• All of our current, as of this writing artificial intelligence agents in place in businesses, and throughout the workplace are still special function and single function for the most part, and driven by single algorithms that are of very constrained and limited scope. They are still just tools. Security software and patches make sense for tools and for any tool-level computer or network or otherwise information access-vulnerable devices. But how do you address the issues that would lead to use of such imposed, overriding and in fact over-writing solutions when faced with what would best be considered AI people, as discussed as a real possibility in Parts 10 and 11 of this series? And perhaps more importantly, how would and should a business parse out valid and I add ethical and moral resolutions to this type of question?

I raised the above-repeated note in the context of having just touched on the issues of how software-based resources can be and are routinely updated with code patches and for both functionality and security purposes – where the systems so acted upon are tools and are viewed as such.

My goal moving forward in this series is to address the human-centric second topics point as listed above and then the artificial intelligence agent-centric third point of that list. But before doing so and as an extension of my response to the first of those points, I want to more explicitly discuss what a true artificial general intelligence agent is, and certainly when recognized as such and when considered from a legal and an ethical perspective. And I note in anticipation of that line of discussion, that some of the issues that bear consideration there, will apply in a more strictly speaking human agent context too, and both as technologies advance that would make artificial intelligence agents direct competitors with humans, and as technologies advance that would enable the manipulation and even the fundamental reshaping of humans and both physically and mentally. That distinction, I add is already becoming moot as pharmaceutically based interventions advance that affect and even transform mental functioning at a basic biochemical and physiological level.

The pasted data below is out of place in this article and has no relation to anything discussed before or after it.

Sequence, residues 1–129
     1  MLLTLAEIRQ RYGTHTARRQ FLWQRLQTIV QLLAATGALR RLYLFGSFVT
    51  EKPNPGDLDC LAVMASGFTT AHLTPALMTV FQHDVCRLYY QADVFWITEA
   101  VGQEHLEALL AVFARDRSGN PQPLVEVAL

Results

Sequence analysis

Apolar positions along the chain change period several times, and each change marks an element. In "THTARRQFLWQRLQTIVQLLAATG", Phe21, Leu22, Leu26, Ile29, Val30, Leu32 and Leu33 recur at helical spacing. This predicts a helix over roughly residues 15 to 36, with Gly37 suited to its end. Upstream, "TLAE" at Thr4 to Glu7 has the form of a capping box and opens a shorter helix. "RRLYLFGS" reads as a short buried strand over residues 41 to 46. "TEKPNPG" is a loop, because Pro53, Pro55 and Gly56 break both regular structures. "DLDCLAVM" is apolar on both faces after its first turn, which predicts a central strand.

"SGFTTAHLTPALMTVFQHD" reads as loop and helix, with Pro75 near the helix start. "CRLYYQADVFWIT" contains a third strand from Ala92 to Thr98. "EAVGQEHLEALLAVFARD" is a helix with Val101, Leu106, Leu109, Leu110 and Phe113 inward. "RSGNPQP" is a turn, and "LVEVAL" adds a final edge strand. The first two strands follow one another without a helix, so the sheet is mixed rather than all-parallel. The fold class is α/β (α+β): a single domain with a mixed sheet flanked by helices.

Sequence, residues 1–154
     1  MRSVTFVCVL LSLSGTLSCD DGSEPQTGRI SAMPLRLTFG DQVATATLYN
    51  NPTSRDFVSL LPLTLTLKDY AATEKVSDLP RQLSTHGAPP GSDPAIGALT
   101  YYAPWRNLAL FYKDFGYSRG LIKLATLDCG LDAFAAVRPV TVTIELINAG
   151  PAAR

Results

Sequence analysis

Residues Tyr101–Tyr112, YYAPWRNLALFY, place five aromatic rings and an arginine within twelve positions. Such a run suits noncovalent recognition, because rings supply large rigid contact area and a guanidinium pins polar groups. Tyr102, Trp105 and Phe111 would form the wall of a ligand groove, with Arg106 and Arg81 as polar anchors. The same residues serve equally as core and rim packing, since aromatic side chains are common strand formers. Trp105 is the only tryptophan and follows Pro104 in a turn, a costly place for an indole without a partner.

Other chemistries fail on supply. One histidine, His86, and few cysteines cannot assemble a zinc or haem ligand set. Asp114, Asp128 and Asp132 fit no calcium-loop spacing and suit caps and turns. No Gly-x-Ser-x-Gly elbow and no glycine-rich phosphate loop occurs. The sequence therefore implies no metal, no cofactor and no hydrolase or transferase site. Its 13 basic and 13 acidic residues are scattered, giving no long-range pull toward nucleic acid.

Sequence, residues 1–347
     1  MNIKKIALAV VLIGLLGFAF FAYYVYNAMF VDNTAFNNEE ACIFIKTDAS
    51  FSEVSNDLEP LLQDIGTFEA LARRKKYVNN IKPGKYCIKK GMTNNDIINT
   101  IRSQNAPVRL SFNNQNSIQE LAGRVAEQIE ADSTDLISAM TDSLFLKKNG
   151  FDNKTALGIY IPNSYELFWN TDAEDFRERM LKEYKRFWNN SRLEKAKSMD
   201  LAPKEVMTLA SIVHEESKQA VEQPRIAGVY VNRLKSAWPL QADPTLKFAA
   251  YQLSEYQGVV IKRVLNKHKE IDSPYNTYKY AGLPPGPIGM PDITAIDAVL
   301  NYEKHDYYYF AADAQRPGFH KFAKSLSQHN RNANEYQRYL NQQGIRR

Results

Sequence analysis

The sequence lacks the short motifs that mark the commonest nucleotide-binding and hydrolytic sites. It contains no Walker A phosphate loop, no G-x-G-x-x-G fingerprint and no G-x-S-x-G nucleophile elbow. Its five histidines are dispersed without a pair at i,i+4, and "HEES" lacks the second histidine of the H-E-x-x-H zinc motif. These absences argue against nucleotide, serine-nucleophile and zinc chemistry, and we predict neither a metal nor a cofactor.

I am writing this at a time when people are people and machines are tools and very separate from people. And I am writing this at a time when people – humans are generally thought of as being essentially entirely in control of who they are and of how they think. The perspectives taken on these presumptions: these automatically assumed axioms will change and even just within the next decades of this century.

• Would it be ethical to “patch” a human mind, overriding and even fundamentally overwriting parts of it for purposes of interest and value to others, or in support of a state or other organized entity?